Already facing sharp criticism over policies that have resulted in the rationing of care to severely disabled children, Florida healthcare regulators are challenging a federal judge’s order that the state provide a costly — but potentially life-changing — treatment to children with autism.
Last spring, U.S. District Judge Joan Lenard struck down the state’s refusal to pay for applied behavior analysis (ABA) for autistic children, calling the state’s policy “arbitrary, capricious and unreasonable.”
The court case involved three autistic youngsters — then-5-year-old K.G., 2-year-old I.G. and 4-year-old C.C. — whose efforts to obtain behavioral therapy had been denied by the state’s Medicaid insurance program for needy and disabled people. Lenard ordered that the three children be given the care they sought — and that the state provide such care to other autistic children, as well.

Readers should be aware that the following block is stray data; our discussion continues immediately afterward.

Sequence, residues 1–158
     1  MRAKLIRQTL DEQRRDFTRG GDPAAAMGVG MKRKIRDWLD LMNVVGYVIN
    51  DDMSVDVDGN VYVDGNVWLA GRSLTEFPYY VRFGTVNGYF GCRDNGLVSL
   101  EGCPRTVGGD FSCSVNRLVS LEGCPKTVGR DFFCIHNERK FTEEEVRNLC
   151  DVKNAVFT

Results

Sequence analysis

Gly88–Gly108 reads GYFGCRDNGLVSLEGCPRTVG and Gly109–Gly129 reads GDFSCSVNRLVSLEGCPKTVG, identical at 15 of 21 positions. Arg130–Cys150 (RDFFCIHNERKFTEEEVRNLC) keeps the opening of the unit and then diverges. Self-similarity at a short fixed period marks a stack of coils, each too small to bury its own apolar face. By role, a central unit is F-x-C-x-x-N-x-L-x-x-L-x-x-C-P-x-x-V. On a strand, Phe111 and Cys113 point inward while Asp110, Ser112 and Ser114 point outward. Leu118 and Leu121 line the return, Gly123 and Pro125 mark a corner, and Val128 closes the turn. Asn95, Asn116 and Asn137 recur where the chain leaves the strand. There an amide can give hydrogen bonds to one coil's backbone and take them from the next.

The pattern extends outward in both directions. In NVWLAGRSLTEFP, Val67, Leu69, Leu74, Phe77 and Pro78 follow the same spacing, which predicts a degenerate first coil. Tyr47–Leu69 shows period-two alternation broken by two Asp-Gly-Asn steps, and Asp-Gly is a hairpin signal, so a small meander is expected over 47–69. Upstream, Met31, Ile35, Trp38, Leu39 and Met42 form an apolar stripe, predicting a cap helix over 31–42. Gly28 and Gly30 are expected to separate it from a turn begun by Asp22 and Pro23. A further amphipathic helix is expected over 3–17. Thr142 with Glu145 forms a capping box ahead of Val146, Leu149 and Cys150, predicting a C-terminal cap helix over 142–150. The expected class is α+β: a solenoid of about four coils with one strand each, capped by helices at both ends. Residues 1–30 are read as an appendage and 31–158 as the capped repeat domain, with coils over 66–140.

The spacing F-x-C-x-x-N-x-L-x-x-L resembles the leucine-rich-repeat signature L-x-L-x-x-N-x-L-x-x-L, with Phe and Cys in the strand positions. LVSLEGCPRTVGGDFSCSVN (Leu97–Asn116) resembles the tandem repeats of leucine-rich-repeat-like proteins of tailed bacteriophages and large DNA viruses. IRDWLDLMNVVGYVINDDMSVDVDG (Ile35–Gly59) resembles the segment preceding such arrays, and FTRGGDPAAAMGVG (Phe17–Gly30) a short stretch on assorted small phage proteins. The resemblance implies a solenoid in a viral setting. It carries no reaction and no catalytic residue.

The state Agency for Health Care Administration has appealed the order, and, in a pleading submitted in November, argued that the ruling strips the state of its ability to weigh requests for the therapy on a case-by-case basis to ensure the treatments are “medically necessary.”
“There is no evidentiary support for the district court’s conclusion that [behavior analysis] services are medically necessary for all autistic Medicaid recipients under 21,” the brief said. “In fact, the evidence established that ABA treatment is not medically necessary, or even effective, in all cases. Some children do not respond to ABA treatment at all, and, in all other cases, the efficacy of ABA treatment diminishes rapidly after early age.”